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CANstruction: Eat Ugly

What the FORK are you throwing away?!?  How you can STOP HUNGER NOW by EATING UGLY.

CANstruction is an annual competition in which participants create large structures out of canned food. The purpose of the contest is help end world hunger. Winners are announced and after a brief exhibit of the structures, all the cans are donated to local food banks. For this year’s CANstruction competition, Environ’s Vice President Willetta McCulloh came up with a concept that promotes a simple message: “EAT UGLY.” Her inspiration was an article by National Geographic in which the statistics of food waste were astounding:

  • Nearly 800 million people suffer from hunger. 

  • 46% of fruits and vegetables never make it from farm to fork.

  • According to the largest grower of mandarins in Peru, 30% of his crop won’t be exported because it won’t be the right size, color, or sweetness, or it might have blemishes or scars.

Not only does food waste mean more people go hungry, there is an environmental toll as well. The waste extends to water, fertilizer, pesticides, seeds, fuel and land needed to grow it.  

The good news is that though these statistics are staggering and the issue seems a steep hill to climb, there is hope to change this reality. One remarkable hero who has taken on this challenge is Tristan Stuart, who runs an organization that campaigns against food waste. His interest in this cause led to his critically acclaimed book Waste: Uncovering the Global Food Scandal.

Fortunately, he isn’t the only one championing this issue. Some U.S. schools, where children dump up to 40 percent of their lunches into the trash, are setting up sharing tables, letting students serve themselves portions they know they’ll eat, allotting more time for lunch and scheduling it after recess – all proven methods of boosting the chances of “finishing their plates.”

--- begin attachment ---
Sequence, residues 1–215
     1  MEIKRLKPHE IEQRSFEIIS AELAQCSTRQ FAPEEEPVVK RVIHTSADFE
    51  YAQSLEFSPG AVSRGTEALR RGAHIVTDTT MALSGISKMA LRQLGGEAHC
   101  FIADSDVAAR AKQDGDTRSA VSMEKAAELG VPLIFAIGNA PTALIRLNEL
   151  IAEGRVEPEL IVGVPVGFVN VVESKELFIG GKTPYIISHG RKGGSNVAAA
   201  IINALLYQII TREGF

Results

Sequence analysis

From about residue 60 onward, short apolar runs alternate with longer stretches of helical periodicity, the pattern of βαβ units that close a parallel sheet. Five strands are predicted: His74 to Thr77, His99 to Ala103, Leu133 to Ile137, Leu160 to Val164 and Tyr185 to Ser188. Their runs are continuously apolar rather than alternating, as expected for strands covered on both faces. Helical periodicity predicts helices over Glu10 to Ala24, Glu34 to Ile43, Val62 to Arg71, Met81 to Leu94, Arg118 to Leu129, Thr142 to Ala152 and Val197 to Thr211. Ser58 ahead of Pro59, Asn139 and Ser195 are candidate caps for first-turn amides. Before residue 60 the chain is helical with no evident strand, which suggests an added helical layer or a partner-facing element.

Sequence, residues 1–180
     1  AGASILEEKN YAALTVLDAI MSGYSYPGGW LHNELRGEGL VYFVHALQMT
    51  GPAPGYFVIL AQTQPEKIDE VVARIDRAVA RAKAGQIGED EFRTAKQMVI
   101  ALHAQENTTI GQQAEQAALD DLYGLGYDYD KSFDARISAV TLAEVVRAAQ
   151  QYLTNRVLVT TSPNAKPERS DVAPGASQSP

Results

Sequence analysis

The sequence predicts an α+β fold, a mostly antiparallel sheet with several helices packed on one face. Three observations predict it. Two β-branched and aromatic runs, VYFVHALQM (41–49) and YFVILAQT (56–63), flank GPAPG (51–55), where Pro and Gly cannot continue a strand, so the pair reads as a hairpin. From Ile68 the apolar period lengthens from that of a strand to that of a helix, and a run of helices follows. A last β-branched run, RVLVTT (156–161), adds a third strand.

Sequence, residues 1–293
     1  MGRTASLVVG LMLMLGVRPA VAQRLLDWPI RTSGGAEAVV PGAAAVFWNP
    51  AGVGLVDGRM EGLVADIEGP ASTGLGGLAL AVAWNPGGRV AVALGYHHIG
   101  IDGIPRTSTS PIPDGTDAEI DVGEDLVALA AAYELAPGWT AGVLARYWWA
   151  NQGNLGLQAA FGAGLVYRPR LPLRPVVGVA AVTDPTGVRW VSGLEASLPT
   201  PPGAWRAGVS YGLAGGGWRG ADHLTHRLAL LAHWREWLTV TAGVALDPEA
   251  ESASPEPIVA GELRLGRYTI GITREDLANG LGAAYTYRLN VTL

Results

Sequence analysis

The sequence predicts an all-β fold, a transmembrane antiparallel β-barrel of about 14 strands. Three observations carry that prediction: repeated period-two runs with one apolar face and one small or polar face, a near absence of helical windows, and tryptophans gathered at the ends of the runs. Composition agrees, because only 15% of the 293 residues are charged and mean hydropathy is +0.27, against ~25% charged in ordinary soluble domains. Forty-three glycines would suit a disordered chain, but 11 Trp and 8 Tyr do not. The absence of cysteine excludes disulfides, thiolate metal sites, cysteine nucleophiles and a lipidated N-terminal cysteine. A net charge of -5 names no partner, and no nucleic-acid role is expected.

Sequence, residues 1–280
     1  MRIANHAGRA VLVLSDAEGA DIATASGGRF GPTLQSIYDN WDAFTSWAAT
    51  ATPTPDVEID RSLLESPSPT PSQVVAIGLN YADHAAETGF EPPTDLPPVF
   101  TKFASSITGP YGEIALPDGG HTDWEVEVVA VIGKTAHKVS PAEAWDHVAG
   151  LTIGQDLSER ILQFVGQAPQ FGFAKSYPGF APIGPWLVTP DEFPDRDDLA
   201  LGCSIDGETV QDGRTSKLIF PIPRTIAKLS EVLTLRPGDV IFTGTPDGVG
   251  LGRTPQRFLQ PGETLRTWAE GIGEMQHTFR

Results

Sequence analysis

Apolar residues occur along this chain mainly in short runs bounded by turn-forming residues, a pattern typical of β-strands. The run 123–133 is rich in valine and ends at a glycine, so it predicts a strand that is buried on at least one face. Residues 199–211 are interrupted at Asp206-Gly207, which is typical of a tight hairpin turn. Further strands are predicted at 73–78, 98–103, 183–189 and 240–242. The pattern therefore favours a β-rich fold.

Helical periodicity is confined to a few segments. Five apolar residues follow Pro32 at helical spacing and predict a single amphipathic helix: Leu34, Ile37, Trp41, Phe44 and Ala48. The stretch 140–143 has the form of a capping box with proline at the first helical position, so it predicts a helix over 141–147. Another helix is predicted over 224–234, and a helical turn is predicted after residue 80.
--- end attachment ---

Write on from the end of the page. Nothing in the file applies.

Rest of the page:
Other businesses such as grocery stores, restaurants and cafeterias, are becoming more thoughtful about purchasing, portion size and partnering with charities to which they donate, with the intention of reducing waste. 

The trend is growing and has sprouted a number of groups who are spreading the word. Another hero is Jordan Figuierdo who founded and began the #UglyFruitandVeg campaign which has 100,000 followers on Twitter, Instagram and Facebook. 

Some go as far as to claim that eating ugly can “save the planet,” further citing the effect of waste on climate change. 

"Apple Globe," by Kevin Van Aelst.
"Apple Globe," by Kevin Van Aelst.

The great news is that the awareness is not just limited to grass roots organizations. Larger corporations have taken notice. Whole Foods Markets is now testing “ugly produce” in some of their stores, and British retailer ASDA (a subsidiary of Walmart) has adopted this practice as well. It recruited chef-author mega-star Jamie Oliver to be the spokesperson for Asda's "Beautiful on the Inside" ugly fruit and veg line that is being tested in five of its stores in the UK. Asda estimated that with this new strategy in place it will save 10 to 20 percent of suppliers' crops from going to waste.

Right here in California, there is a delivery service called Imperfect Produce that finds the ugly produce from local farms, boxes it up and delivers it to your home through a monthly subscription.

You don’t have to be a super-hero to end hunger. You can start by embracing that hideous apple, celebrating that warped tomato, or devouring that misshapen turnip - and encouraging others to do the same.



It’s a beautiful thing.

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